Optionally, a scanned beam apparatus may be used in combination with a projector. For example, a scanned beam apparatus may be used to apply radiant energy (in addition to that applied by the projector) by scanning one or multiple beams over the surface of the exposed particulate material P. This may be concurrent or sequential with the use of the projector.
The accuracy of either process, defined as the smallest component feature size which can be produced, is limited mainly by the particle size of the filler and the resolution of the projector 48 or scanned beam apparatus 60.
Any of the curing methods described above results in a component 74 in which the filler (if used) is held in a solid shape by the cured resin R. This component may be usable as an end product for some conditions. Subsequent to the curing step, the component 74 may be removed from the stage 14.
If the end product is intended to be composed of the filler (e.g. to be purely ceramic, glass, metallic, diamond, silicon, graphite, etc., the component 74 may be treated to a conventional sintering process to burn out the resin R and to consolidate the remaining particles. Optionally, a known infiltration process may be carried out during or after the sintering process, in order to fill voids in the component with a material having a lower melting temperature than the filler. The infiltration process improves component physical properties.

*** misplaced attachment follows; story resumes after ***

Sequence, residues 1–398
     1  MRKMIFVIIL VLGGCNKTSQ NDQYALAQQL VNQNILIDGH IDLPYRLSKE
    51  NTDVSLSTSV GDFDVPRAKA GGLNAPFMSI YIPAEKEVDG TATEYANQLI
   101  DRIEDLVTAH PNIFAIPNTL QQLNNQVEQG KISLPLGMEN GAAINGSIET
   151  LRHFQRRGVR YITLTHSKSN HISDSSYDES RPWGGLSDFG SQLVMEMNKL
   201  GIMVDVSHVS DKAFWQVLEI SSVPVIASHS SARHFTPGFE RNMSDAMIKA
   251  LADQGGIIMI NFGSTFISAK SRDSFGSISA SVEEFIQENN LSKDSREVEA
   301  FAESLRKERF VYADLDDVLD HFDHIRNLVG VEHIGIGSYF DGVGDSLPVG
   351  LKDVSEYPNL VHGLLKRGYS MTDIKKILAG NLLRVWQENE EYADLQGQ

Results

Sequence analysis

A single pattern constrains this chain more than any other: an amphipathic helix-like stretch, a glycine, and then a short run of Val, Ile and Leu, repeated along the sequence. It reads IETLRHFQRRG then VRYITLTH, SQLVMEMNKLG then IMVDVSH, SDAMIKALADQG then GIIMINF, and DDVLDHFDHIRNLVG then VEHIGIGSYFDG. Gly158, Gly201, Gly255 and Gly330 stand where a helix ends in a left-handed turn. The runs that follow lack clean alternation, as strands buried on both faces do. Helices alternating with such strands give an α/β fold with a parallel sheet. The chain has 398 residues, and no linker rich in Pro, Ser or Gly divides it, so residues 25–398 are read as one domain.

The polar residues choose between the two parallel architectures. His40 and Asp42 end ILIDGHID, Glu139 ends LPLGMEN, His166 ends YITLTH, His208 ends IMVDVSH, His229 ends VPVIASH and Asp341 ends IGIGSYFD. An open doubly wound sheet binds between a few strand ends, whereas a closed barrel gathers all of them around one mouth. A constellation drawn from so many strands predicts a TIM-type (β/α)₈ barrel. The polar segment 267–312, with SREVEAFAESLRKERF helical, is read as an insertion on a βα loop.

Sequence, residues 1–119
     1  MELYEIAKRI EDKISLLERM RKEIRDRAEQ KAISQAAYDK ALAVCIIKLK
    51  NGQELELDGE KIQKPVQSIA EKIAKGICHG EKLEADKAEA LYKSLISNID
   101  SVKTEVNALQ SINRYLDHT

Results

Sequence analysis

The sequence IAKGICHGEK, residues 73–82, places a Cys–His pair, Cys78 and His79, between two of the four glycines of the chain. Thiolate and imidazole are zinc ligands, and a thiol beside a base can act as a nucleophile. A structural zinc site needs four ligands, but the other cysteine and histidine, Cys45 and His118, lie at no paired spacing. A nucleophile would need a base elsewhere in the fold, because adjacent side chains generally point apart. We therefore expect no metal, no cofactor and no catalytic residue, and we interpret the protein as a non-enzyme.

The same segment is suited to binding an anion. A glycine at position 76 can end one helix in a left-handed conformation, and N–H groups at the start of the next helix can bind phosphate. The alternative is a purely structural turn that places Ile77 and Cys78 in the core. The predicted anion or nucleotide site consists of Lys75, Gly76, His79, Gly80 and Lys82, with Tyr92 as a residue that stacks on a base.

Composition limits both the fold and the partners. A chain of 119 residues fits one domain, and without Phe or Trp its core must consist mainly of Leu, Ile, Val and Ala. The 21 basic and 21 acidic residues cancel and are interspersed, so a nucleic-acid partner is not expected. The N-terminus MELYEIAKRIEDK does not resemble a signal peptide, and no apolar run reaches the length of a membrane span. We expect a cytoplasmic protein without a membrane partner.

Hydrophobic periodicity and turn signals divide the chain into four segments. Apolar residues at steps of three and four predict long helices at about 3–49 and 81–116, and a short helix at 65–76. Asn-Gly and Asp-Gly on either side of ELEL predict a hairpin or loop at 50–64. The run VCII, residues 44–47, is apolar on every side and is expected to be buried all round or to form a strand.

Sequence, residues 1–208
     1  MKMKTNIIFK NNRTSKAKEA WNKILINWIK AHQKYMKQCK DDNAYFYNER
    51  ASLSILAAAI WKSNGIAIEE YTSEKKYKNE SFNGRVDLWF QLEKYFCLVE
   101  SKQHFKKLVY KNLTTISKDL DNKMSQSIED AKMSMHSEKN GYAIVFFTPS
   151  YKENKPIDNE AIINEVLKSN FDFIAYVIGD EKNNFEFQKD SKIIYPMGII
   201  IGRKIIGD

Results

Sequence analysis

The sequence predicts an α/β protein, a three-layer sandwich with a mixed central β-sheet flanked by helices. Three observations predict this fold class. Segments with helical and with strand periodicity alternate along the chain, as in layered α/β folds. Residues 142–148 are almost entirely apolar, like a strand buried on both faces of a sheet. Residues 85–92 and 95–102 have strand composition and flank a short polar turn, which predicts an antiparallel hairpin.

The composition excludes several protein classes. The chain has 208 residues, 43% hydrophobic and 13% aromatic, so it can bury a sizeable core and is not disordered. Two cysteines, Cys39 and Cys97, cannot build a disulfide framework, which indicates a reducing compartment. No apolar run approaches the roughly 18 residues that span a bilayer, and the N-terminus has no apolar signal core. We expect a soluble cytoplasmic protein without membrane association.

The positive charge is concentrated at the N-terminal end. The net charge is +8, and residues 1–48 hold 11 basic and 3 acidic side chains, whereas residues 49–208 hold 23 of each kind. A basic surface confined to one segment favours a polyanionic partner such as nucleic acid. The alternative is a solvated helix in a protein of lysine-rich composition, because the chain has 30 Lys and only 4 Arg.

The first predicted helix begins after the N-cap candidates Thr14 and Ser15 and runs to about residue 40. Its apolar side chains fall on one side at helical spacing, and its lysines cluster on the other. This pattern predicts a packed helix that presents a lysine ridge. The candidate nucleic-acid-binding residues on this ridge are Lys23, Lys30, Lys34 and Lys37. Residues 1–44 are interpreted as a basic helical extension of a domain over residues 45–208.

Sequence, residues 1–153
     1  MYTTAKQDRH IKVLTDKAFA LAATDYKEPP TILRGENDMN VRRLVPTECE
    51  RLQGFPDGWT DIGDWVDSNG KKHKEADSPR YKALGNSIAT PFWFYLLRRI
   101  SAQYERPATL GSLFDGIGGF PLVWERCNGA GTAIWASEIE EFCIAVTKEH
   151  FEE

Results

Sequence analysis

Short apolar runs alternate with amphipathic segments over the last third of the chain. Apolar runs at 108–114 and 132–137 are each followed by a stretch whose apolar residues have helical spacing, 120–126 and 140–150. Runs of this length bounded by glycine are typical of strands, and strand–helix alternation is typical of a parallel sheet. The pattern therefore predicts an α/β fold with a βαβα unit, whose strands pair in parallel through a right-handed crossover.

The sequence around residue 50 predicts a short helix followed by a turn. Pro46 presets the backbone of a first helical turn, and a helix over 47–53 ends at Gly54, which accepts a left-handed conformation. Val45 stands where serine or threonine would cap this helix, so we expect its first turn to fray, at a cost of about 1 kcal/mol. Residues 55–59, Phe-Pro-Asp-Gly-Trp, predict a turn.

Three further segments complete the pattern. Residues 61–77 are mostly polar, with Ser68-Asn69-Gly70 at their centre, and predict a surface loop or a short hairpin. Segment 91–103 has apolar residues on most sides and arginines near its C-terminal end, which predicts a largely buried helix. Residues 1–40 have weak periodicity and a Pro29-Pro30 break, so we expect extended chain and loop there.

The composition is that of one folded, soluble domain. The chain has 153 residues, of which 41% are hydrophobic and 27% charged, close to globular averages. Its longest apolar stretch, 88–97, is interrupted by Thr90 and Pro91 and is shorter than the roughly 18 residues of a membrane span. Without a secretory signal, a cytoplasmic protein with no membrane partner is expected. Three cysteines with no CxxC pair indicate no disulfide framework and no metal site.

An alternative embodiment of a vat is shown in FIGS. 15 and 16. Parts shown in FIGS. 15 and 16 that are referenced by 400 series numbers can be generally understood from the description of parts in the 0 and 100 series described above. A first build surface 426 and a second build surface 427 are defined by the floor 412 of the vat 410. The vat 410 also includes two sumps 440. Each of the sumps 440 include a sump floor 444 and an interior wall 442 that define a sump chamber 446. The vat 410 includes a wiper 430 that includes an arm 436 that is mounted generally near the center of the sump floor 444 at the boundary of the first and second build surfaces 426 and 427.
The wiper 430 is configured to rotate such that the arm 436 defines a clean region around the wiper 430. In this manner, the arm 436 of the wiper 430 moves radially over the build surface 426. The arm 436 is flexible such that it can extend over the build surfaces 426 and 427 as shown in dashed lines in FIG. 15. Additionally, the build surfaces 426 and 427 and the sumps 440 are configured to eliminate dead areas or regions that are not cleanable by the wiper 430. It should be appreciated that the resin R over the first build surface 426 can be cured while the wiper 430 is sweeping debris from the second build surface 427 in preparation for an upcoming curing cycle. Likewise, the resin R over the second build surface 427 can be cured while the wiper 430 is sweeping debris from the first build surface 426 in preparation of an upcoming curing cycle.
Referring now to FIGS. 17 and 18, there is shown an alternative embodiment vat 610 that is similar to the vat 210. Elements indicated by reference numbers in the 600 series can be understood from the description above of elements associated with similar reference numbers in the 200 series. The vat 610 includes a receptacle 621 and a sump 624. An enclosed supply chamber 680 is fluidly connected to the receptacle 621 via an opening 666. The supply chamber 680 is configured to be pressurized relative to a receptacle 621. Such pressurization could be achieved by a movable wall or piston 682 associated with the chamber 680 and configured to move between a first position and a second position such that the pressure of the resin is increased. In this manner, resin R can be forced from the supply chamber 680 into the receptacle 621.